How-To Guide for that 8-Bit “Rickrolling” Jingle #Prank
Late last year I blogged about that 8-bit rickrolling jingle coin cell prank that disrupted – and entertained! – some people at Cornell’s main campus. Finally stumbled upon the original project – hosted at hackaday.io – that includes not only some more build shots & confirmation the battery used was a CR2032, but also some interesting backstory and six simple steps for creating your own ATtiny85-based prank.
This is a small device that plays a short 8-bit tune (never gonna give you up) every 30-40 minutes. It takes advantage of the ATTiny85’s watchdog sleep/interrupt function to greatly reduce power consumption. If the device were to play a 5-second tune every 30-40 minutes, its battery could theoretically last for a year or more.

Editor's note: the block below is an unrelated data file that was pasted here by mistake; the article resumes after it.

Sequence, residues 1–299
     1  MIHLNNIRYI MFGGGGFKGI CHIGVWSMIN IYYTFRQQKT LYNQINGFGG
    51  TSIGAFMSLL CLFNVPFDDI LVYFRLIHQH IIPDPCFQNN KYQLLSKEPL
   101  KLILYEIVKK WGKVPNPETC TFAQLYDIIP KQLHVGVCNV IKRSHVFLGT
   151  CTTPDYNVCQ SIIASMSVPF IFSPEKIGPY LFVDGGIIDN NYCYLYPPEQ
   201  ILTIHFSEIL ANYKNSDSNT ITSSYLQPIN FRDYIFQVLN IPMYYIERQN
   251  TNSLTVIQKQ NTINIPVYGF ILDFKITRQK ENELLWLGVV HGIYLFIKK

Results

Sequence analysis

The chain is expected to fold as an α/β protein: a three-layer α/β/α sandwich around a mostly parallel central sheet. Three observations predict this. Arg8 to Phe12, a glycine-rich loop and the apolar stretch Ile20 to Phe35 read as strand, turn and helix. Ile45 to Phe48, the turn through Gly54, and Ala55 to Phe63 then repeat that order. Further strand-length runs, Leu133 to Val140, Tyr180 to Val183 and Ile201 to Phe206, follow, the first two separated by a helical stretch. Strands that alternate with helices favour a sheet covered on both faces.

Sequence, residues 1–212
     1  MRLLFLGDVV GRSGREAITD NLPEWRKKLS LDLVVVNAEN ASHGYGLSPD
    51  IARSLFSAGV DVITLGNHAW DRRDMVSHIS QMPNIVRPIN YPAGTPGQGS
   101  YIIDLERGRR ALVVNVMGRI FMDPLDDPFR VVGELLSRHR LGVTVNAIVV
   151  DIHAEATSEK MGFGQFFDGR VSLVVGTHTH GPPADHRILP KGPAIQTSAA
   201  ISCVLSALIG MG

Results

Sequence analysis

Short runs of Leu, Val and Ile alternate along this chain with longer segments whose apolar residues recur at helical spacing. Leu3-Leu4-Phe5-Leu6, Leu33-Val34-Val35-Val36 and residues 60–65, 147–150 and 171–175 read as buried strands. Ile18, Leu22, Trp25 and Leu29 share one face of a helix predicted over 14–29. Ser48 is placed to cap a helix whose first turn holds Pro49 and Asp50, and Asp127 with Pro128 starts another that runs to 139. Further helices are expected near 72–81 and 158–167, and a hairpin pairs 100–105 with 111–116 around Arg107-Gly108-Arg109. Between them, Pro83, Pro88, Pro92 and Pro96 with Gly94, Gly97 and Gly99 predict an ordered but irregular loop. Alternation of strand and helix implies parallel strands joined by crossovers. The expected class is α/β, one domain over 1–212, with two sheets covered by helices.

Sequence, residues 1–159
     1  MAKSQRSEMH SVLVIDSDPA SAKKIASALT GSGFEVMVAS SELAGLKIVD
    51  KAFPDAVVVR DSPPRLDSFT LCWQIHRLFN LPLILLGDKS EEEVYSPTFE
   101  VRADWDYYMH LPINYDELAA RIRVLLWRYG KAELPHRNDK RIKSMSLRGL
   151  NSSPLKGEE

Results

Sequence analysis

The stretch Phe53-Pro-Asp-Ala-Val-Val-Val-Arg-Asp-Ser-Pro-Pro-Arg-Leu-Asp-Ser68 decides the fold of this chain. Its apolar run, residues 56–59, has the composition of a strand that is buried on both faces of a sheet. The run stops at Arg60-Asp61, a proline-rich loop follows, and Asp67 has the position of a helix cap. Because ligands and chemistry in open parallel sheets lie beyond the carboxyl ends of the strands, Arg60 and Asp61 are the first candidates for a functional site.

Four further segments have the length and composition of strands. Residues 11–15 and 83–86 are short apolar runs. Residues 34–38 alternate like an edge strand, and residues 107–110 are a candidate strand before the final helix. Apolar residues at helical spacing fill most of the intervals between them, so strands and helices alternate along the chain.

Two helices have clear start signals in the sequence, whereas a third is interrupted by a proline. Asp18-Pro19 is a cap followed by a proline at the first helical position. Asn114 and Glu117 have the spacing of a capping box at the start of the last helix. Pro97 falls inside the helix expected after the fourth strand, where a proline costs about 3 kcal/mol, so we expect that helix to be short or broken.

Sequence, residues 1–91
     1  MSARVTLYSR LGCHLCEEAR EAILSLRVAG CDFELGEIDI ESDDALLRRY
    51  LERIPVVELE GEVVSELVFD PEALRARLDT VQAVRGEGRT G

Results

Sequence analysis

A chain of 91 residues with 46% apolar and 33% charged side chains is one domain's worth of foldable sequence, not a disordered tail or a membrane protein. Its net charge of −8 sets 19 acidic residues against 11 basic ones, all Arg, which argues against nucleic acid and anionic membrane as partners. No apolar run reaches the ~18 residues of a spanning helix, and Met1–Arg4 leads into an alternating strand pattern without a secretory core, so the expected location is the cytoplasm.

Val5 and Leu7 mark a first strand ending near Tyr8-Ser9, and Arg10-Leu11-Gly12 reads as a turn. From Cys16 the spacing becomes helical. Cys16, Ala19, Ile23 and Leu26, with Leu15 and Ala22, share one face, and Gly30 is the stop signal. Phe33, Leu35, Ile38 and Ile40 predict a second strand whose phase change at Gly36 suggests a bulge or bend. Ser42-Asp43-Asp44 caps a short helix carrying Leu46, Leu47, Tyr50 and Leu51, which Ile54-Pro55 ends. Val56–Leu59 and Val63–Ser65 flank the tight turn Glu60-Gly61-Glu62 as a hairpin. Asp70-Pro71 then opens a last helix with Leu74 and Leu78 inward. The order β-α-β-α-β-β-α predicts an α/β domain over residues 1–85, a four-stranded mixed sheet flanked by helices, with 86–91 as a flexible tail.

When pranking, it can be hard to find a good balance between humor, price, and not pissing people off too badly. How do you create something that will draw people’s attention while at the same time not causing a significant disruption? I decided I wanted to create a device to accomplish such a task.
Stop breadboarding and soldering – start making immediately! Adafruit’s Circuit Playground is jam-packed with LEDs, sensors, buttons, alligator clip pads and more. Build projects with Circuit Playground in a few minutes with the drag-and-drop MakeCode programming site, learn computer science using the CS Discoveries class on code.org, jump into CircuitPython to learn Python and hardware together, or even use Arduino IDE. Circuit Playground Express is the newest and best Circuit Playground board, with support for MakeCode, CircuitPython, and Arduino. It has a powerful processor, 10 NeoPixels, mini speaker, InfraRed receive and transmit, two buttons, a switch, 14 alligator clip pads, and lots of sensors: capacitive touch, IR proximity, temperature, light, motion and sound. A whole wide world of electronics and coding is waiting for you, and it fits in the palm of your hand.
Python for Microcontrollers — Python snakes its way on the SparkFun SAMD21 Mini, Hackaday.io, 10k thanks, and Tim’s magazine #Python #Adafruit #CircuitPython @circuitpython @micropython @ThePSF @Adafruit
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